From an external standpoint, I have a tremendous commitment to our space, our industry, our standards, the upholding of those standards. We expect excellence across the board, and I think that comes through in my enthusiasm when I’m publicly speaking around the world or giving a webinar now because of COVID restrictions. I’m really enthusiastic about it and you can tell. That comes through and people really gravitate towards it.
How has your company grown from its early days to now?
We have exploded. We started the company with eight people sitting around my dining room table. We now have eight offices in five countries. We have the largest remediation team in the world, constantly fixing software that doesn’t meet standards of accessibility. We handle more content than anyone else. The volume of work that we’re doing has given us revenue in two years that most people didn’t even believe we’d be able to do. I think even those of us in the company are astonished. It’s amazing. This is the most successful company I have ever built. We’ve crossed milestones in 18 months that took seven years to cross in my last company.
Who has been a role model to you and why?
I do have a lot of amazing advisors around me, but I wouldn’t say there’s one person that has stuck out as a traditional role model figure. My family has been an amazing rock for me. They’ve been there at my highest of highs and lowest of lows. From a business perspective, I’m involved in an amazing CEO group known as TEC Canada. I get so much from my peers in that group. We’re a small group who really trust each other and help each other work through our challenges.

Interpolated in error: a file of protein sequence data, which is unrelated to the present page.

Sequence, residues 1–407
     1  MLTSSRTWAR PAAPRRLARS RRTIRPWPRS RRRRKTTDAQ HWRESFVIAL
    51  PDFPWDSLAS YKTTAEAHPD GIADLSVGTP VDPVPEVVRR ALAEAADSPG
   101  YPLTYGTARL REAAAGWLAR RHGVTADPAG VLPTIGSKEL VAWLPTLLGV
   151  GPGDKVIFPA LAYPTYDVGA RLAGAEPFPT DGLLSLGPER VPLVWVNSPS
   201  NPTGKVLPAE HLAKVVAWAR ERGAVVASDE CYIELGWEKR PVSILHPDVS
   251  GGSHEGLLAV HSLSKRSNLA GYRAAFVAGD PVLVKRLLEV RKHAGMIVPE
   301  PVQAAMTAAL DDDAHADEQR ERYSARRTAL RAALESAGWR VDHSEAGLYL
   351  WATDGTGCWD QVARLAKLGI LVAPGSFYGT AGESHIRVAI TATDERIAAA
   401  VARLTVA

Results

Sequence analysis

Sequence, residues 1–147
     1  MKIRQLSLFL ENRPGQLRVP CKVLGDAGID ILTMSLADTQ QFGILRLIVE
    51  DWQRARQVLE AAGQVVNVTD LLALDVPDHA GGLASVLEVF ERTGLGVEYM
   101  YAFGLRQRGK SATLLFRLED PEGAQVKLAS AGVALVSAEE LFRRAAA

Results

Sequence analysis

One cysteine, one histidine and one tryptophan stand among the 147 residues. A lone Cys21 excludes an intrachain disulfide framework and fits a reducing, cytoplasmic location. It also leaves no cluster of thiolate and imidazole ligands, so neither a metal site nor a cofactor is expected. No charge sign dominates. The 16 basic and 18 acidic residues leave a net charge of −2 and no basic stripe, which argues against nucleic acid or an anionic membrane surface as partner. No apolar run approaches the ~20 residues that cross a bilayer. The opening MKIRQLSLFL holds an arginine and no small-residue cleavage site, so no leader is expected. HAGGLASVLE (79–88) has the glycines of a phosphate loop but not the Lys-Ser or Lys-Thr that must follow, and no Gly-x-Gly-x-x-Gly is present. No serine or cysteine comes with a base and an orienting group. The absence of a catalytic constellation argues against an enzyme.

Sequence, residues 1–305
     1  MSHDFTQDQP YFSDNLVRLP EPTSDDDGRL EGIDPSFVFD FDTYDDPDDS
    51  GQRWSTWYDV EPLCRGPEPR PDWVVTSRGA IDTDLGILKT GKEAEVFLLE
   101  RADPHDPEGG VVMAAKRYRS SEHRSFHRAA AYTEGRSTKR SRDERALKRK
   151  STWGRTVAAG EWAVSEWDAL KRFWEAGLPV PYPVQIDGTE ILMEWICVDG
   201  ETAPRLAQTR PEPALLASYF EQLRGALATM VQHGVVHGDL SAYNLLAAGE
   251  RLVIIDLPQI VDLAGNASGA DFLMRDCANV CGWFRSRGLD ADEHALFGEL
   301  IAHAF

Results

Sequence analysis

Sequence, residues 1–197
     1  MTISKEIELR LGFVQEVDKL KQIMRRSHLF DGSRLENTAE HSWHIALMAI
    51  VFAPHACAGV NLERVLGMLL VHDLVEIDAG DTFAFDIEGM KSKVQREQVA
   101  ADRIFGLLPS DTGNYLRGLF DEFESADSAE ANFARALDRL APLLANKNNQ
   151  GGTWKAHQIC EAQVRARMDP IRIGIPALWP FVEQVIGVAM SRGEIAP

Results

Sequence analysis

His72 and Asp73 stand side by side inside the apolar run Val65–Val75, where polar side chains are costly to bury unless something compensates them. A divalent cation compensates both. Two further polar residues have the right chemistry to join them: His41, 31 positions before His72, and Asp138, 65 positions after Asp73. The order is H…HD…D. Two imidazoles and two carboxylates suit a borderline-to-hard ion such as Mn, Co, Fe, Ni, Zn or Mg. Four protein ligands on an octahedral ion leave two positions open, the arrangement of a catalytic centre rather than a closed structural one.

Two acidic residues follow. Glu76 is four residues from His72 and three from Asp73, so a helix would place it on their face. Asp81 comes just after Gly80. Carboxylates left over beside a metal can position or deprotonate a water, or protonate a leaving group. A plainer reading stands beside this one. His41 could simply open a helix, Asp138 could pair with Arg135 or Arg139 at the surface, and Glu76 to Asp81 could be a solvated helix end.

How do you maintain a solid work life balance?
When we were deciding to start AbleDocs there was a very serious conversation about what that work/life balance would look like. Up until COVID, my wife and I had a busy lifestyle where we would meet up in airports; we were fortunate enough with her work to be able to coordinate our business travel and end up in the same place – or close enough – where we might be able to spend a weekend together. Our lives are our work and it’s always a part of our thinking. We never turn it off. But we really push ourselves in our free time: We’re avid skiers, giant Formula One fans, we love racing and experiencing the world, so when we travel we really do try to disconnect and enjoy the moment that we’re in and experience all that life can throw at us. I would say during the week that achieving a good work/life balance is hard, but we always make sure that we at least cook a meal together. It’s a great passion of ours and we want to spend that time together.
What traits do you possess that makes a successful leader?
Listening. I used to run my companies with an iron fist. It was my way or no way. To be blunt, that is a horrendous way to run a company. The best thing you can do is listen to what is being successful, and also what is not being successful. Where are people struggling? Where are the pinch points or pain points in your company? The key to success is without a doubt listening to our clients.